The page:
Genetic aetiology of obesity

  • Loos, Ruth R. (PI)

Project Details


Almost 61% of adults in the UK are overweight (BMI?25) and 24% are obese (BMI?30). Although rapid globalization of the westernized way of life is fuelling this increasing prevalence, obesity is a common multifactorial disease that arises through the joint actions of multiple genetic and environmental factors.||This programme examines the genetic factors that contribute to the development of obesity and also studies whether lifestyle factors can attenuate the role of these genetic factors. Therefore, we use a range of different epidemiological study designs and apply three main approaches. The first approach is the candidate gene approach that investigates genetic variants on the basis of established biological knowledge from animal studies or extreme case studies. In the second approach, we screen the whole genome for association of any of the 2.2M genetic variants with BMI of obesity risk. This approach does not assume prior knowledge but hoped to discover new loci that may help expand our understanding of the underlying biology of obesity. In the third approach, we study how lifestyle affects the genetic susceptibility of a person and we test whether individuals who may be genetically susceptible to become obese can overcome this susceptibility by living a healthy lifestyle.

Technical Summary

The prevalence of obesity and overweight continues to increase steadily. Although changes in lifestyle are driving this epidemic, not all people become obese. This observation highlights that obesity is a common multifactorial condition that arises through the joint actions of genes and environment. |The aims of this programme are to use epidemiological methods; |[1] to identify genetic variants associated with obesity and related traits through two main approaches; [a] a hypothesis generating approach by GWA studies, and [b] a hypothesis-driven approach by candidate gene studies, and |[2] to determine the mode of action of the newly identified and established obesity-susceptibility loci, [a] by examining traits intermediate to obesity, and [b] by examining the role of the obesity-susceptibility loci in the development of diseases or traits presumed to result from obesity through Mendelian randomisation studies, and|[3] to identify how obesity-susceptibility genes interact with lifestyle factors such as physical activity and diet through gene-environment interaction studies.|The main approach applied in this programme is genome-wide association, a hypothesis-generating approach that aims to discover novel genetic variants that predispose to a disease or a trait. Over the past three years, this programme has contributed to the discovery of nine established obesity-susceptibility loci by leading the analyses of three waves of genome-wide association studies. We are currently leading the fourth wave of genome-wide association studies as part of the GIANT consortium including data on more than 126,000 individuals which promises to identify more obesity-susceptibility loci. Besides testing for association with BMI, we also examine associations with more refined obesity-related traits and with traits intermediate to the development of obesity..|We will continue to identify obesity-susceptibility genes through large-scale meta-analyses of candidate genes variants. Candidate gene studies aim to validate observations from animal models or extreme case studies at the population level. Therefore, our collaboration with colleagues at the MRC CORD and WT Sanger Institute is crucial as they will be the primary source for novel physiological insights.|This programme also studies how obesity-susceptibility genes interact with lifestyle factors such as physical activity and diet. We will examine whether the GWA-identified obesity-susceptibility variants as well as the established candidate genes (based on physiology) interact with lifestyle factors.|By studying the genetics of obesity, we aim to gain insight in the complex physiology that governs the regulation of energy balance. Translation of these new findings into clinical practice will require collaboration with basic, translational and clinical scientists.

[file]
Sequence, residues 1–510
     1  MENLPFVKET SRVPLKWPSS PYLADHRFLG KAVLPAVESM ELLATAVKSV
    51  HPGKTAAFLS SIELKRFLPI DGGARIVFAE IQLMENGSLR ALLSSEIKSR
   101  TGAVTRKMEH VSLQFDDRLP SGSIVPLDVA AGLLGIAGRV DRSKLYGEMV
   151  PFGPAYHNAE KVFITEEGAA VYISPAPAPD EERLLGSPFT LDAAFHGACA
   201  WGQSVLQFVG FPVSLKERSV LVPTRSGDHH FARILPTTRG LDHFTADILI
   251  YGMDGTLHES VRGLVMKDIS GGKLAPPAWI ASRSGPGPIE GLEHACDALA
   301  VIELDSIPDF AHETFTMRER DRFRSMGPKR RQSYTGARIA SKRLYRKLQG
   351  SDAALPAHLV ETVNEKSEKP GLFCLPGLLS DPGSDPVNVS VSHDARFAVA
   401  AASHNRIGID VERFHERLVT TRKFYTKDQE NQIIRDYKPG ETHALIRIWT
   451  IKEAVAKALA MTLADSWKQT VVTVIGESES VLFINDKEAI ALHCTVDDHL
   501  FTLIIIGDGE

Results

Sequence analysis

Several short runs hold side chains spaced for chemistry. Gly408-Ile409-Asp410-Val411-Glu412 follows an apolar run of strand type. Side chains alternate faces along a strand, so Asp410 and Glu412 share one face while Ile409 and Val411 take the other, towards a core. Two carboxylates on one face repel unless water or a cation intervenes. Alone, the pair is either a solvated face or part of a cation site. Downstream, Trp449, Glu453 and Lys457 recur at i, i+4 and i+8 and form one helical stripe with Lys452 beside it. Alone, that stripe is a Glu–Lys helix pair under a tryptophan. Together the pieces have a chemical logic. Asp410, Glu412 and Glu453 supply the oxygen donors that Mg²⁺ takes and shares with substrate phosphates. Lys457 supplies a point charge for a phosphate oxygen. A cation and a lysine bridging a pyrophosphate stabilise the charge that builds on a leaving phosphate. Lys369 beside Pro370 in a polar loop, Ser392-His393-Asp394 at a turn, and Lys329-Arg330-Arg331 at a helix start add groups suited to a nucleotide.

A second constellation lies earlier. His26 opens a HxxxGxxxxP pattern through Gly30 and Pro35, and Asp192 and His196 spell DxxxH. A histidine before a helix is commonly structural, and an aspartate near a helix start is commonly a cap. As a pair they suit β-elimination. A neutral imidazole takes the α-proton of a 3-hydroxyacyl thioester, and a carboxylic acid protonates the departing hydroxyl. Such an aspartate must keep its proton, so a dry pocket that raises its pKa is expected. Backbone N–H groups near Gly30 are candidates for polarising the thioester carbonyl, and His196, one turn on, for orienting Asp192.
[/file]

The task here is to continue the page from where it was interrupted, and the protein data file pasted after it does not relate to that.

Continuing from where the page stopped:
Effective start/end date1/10/0730/04/13


  • Medical Research Council: $9,471,864.00


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